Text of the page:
How Stuff Is Made
This Is How Lush's Most Mischievous Shower Gel Is Actually Made
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If you're a Lush cosmetics fan, chances are you've already fallen under the spell of the brand's sumptuous Lord Of Misrule shower cream. An irresistible of blend of natural ingredients like cocoa butter, essential oils, pachouli, and peppercorn, the formula was inspired by the debauched Feast of Fools — a mischievous winter celebration that flipped aristocratic hierarchies upside down way back in the Middle Ages (with some serious help from barrels of wine, we're guessing).
These days, Lush pays playful homage to those tipsy French courtesans through this wickedly decadent, emerald gel. The fragrance got its start as a bath bomb, complete with an intoxicating, burgundy-colored center, of course. But the Lord of Misrule's popularity grew quicker than a raucous Medieval block party, and the shower cream, with its lavish, gooey texture, was born.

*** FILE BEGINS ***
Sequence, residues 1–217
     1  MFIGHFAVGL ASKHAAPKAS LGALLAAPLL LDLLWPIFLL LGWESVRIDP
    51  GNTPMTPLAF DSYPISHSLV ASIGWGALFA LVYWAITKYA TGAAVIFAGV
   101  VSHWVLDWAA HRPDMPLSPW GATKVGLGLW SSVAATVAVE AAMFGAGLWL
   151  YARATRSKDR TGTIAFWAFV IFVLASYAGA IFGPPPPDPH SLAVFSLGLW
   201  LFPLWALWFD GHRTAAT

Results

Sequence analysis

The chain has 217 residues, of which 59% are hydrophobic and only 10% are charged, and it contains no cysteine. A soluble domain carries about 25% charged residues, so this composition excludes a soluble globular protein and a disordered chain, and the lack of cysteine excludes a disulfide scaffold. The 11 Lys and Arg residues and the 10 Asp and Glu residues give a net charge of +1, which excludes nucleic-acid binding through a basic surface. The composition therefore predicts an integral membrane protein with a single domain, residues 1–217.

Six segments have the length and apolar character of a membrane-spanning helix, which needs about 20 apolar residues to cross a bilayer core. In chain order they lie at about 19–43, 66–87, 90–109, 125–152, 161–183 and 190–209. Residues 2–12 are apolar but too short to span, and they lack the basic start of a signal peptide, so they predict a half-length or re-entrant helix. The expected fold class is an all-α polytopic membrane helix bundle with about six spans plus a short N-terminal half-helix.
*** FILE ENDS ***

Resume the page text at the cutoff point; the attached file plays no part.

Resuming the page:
Since fall's plummeting temps have us feeling a little unruly too, we headed to Lush's headquarters to learn exactly how this fan-favorite product is made. One thing we definitely didn't expect? The soothing way the pachouli and peppercorn are left to gently steep in a vat, wrapped in (what's basically) a massive tea bag. Oh, and the way the entire concoction turns a bright yellow color when it's halfway done.
Press play above to catch the whole process — and to watch the gel finally turn its luscious, deep shade of green. We're hoping it might inspire a little modern mischief, even if it's just during your morning routine.
About How Stuff Is Made
We're taking you on a behind-the-scenes look at the wonderfully hypnotic ways that your favorite products, from vibrators to lipstick and eyeshadow, are made.